You Asked, We Answered
I have a son in college who has been struggling with what we think is a Xanax addiction. At least that what we think it is. How do we get him into a rehab when he has told us he doesn’t have a problem? Can we force him to go?
This is a common question. As you will read below, much of how and what parents feel in regards to a child’s issues may be heavily influenced by the recovery society’s insistence on portraying the worst of a parent’s fears. This is not helpful. So our answer is to know the facts first. This can be accomplished by reading the entire book, The Freedom Model for Addictions. Then, after understanding the facts, you can better evaluate the situation. Below is a brief excerpt from The Freedom Model that puts some of this situation in a more helpful light as a starting point:
“University students are surrounded by peers who see nothing wrong with this style of drinking. The parents aren’t there to hover, disapprove, and freak out. Many administrators simply look the other way, understanding that this drinking is just a part of college life. In short, the playground effect is noticeably absent from this environment. Most college drinkers never get the message that their wild drinking is dooming them to a life of alcoholism.
Like the child happily running around on the playground, they usually take their knocks without much ado. Although they fit the diagnosis, most of them never seek help because they haven’t learned to think of themselves as needing it. Most never see their drinking as a big deal so they quite naturally outgrow it. After 22 years of age, this style of drinking begins a rapid decline such that, by 30 years of age, only 6% to 7% fit the diagnosis (SAMHSA, 2014). With no one to send the message that they’re doomed to a life of alcoholism, they don’t blow things out of proportion; most naturally tire of this drinking and move on with their lives.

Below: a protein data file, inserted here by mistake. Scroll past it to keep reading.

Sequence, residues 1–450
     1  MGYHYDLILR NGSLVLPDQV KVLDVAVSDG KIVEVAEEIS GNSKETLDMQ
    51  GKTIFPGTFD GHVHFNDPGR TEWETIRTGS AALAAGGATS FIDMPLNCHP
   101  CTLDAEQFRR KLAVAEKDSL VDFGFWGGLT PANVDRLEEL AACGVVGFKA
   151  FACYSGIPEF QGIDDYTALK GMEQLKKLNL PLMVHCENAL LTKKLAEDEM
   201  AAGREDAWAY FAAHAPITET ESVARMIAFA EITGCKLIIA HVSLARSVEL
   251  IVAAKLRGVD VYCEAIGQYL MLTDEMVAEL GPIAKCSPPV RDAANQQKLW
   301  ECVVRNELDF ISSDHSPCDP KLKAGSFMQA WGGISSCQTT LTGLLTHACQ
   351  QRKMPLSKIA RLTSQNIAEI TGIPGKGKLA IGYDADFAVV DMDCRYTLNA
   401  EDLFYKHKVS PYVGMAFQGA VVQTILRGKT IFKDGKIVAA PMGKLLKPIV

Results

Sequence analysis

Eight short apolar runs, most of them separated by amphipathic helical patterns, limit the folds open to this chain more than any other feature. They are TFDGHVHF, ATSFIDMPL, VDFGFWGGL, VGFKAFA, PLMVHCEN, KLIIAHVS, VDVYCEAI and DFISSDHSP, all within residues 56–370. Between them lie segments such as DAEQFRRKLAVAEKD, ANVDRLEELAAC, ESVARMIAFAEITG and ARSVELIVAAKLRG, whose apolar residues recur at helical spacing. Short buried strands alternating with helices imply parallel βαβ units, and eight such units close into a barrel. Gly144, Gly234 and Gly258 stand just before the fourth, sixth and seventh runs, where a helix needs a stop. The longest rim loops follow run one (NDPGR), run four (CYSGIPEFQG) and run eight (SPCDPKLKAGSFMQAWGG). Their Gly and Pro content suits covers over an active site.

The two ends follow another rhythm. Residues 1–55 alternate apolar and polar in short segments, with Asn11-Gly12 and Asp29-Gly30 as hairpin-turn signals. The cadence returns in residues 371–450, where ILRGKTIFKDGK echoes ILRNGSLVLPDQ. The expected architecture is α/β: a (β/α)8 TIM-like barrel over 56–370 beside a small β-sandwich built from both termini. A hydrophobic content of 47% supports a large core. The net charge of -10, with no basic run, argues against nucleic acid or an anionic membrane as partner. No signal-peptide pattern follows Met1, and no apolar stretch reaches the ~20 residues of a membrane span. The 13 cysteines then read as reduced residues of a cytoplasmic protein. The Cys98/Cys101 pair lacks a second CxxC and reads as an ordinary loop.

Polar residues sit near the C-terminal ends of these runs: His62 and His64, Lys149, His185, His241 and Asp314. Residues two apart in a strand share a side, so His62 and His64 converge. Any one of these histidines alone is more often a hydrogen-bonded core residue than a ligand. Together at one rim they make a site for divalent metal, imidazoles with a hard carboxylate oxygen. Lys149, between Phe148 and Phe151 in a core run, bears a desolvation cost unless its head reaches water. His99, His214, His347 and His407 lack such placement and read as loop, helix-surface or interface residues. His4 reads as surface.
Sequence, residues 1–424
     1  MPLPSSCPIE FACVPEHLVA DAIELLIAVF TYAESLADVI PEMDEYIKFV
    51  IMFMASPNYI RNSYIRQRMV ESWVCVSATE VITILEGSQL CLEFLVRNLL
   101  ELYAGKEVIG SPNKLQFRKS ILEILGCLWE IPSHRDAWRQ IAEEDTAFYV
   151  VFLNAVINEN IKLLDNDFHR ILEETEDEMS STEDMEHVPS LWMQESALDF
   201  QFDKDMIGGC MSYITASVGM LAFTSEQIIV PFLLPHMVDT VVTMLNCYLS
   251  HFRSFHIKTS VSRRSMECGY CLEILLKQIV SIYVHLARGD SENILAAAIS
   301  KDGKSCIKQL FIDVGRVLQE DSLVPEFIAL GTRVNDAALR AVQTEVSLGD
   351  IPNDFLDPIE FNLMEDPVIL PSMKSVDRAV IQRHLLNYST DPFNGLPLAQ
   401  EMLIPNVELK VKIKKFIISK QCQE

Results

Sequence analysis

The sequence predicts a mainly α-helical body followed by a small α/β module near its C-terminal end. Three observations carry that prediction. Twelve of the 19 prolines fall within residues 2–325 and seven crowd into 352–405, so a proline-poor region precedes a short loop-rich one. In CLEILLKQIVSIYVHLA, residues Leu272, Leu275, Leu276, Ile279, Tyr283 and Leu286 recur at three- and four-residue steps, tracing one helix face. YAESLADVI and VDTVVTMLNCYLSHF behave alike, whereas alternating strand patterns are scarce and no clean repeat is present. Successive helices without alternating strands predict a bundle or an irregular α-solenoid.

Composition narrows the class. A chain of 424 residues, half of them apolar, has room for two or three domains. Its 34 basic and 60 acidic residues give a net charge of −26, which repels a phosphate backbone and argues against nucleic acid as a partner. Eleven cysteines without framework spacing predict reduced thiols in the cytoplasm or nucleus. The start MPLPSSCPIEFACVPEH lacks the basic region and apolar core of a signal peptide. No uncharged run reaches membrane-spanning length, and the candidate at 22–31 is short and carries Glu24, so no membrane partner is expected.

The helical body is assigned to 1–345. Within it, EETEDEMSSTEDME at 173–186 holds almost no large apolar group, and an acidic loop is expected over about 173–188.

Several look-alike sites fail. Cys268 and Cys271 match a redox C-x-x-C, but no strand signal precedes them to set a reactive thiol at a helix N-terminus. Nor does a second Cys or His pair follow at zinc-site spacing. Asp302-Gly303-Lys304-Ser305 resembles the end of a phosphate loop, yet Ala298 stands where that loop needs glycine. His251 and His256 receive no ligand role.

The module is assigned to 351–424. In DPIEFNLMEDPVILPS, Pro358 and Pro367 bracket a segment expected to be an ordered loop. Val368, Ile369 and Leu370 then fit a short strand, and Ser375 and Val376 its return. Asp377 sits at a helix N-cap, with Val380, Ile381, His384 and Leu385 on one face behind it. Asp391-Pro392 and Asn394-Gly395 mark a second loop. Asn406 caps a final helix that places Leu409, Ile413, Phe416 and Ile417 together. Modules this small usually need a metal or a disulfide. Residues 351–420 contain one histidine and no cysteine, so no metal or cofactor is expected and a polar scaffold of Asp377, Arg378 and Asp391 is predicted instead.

Ironically, many of the parents who send their children to rehabs have been through a stage of “addiction” themselves and naturally outgrew it. We hear it all the time from callers seeking help at our retreats. Typically, they caught their college-aged son (or daughter) with some drugs, or he got in trouble at school for drinking. They immediately shipped him off to a rehab. He gets out and either escalates his use, or they suspect he’s used drugs again (even if no real problems have occurred because of it). So they look for more help and call us. They tell us things like “It’s serious; he’s gonna die; addiction runs in our family, and I wanna nip this in the bud. My father drank a lot, and when I was in college I had a huge cocaine problem.” Then we ask the parent, “So how did you quit doing cocaine?” We’ve gotten this same answer back so many times that it’s absurd: “Well, I got out of school, moved out on my own, and it just wasn’t as exciting as it used to be and cost a lot. I gradually did it less and less until I just decided I was done with it.”